On June 29, US-based CDM Smith Inc. (CDM), and its wholly owned subsidiary in India, admitted in a letter of agreement with the DOJ to payment of approximately $1.8M in illegal bribes to government officials with India’s state-owned highway management system in exchange for contracts for highway construction supervision and design, as well as a local water project. Bribes were paid through fraudulent subcontractors, who provided no actual services and understood the payments were meant to solely benefit the government officials. CDM agreed to disgorge over $4M earned in profits from the illegally obtained contracts. The DOJ-CDM letter also stated that it afforded no protection against prosecution of any individuals regardless of affiliation the with company.

On September 21, November 7 and November 29, the DOJ announced three criminal resolutions involving US-based and foreign companies, as well as their subsidiaries. In all three, the DOJ imposed hefty criminal penalties, including fines, disgorged profits and significant remedial measures. Two of the resolutions also included criminal prosecution of individual company executives for their actions in furthering a conspiracy to bribe foreign officials.

While it is too early to conclude that DOJ’s FCPA enforcement actions will substantially increase over time as a result of the revisions to its Enforcement Policy, it does offer a level of certainty in exchange for cooperation and transparency that companies should consider going forward.

Individual companies may be well-advised to examine their compliance programs now and develop a robust system of auditing and internal controls to ensure that, should it discover business practices that are likely in violation of the FCPA, the company is in a position to respond immediately by proactively investigating potential misconduct in a timely and thorough manner in order to self-disclose and receive maximum benefit for corrective actions and reduced financial penalties. Implementation of a strong compliance program may help to avoid criminal prosecution, despite cooperation and voluntary self-disclosure, because of significant aggravating circumstances requiring a criminal resolution over declination.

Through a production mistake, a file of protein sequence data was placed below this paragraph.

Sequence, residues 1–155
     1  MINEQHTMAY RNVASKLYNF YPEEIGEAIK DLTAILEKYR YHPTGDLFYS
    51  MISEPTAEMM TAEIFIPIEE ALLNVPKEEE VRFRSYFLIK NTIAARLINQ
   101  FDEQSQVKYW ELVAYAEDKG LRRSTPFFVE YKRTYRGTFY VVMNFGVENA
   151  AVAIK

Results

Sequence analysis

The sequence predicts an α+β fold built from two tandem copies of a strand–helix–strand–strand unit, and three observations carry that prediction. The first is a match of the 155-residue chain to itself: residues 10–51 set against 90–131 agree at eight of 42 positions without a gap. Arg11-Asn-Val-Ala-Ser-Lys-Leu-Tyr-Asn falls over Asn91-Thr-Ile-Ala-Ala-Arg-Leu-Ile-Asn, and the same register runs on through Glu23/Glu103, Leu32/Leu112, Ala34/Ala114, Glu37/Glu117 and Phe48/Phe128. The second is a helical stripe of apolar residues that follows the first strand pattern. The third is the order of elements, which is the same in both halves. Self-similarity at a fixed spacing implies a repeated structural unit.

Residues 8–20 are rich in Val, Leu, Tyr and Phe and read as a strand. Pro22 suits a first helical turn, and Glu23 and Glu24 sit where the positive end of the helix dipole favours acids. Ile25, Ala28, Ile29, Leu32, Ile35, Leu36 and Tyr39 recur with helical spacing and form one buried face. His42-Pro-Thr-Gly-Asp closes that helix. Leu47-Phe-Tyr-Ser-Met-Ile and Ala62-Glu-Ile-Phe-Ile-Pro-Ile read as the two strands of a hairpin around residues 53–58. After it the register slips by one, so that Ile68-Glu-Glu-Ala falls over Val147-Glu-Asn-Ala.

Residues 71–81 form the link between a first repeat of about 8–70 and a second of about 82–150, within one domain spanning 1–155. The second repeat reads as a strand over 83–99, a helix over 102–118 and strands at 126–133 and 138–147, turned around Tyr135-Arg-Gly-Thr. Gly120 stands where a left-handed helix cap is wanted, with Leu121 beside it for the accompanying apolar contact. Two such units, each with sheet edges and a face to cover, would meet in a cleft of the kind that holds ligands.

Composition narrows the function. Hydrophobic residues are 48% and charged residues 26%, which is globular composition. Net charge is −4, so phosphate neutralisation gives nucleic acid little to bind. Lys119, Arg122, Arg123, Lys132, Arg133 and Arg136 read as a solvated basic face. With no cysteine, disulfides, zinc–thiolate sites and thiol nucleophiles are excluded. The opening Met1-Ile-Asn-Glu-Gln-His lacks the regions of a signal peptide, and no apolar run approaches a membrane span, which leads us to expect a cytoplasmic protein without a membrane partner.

For further information on this issue, please contact Jay Shapiro (shapiroj@whiteandwilliams.com; 212.714.3063), Linda Perkins (perkinsl@whiteandwilliams.com; 215.864.6866) or another member of our White Collar Defense, Investigations and Corporate Compliance Group.

This correspondence should not be construed as legal advice or legal opinion on any specific facts or circumstances. The contents are intended for general informational purposes only, and you are urged to consult a lawyer concerning your own situation and legal questions.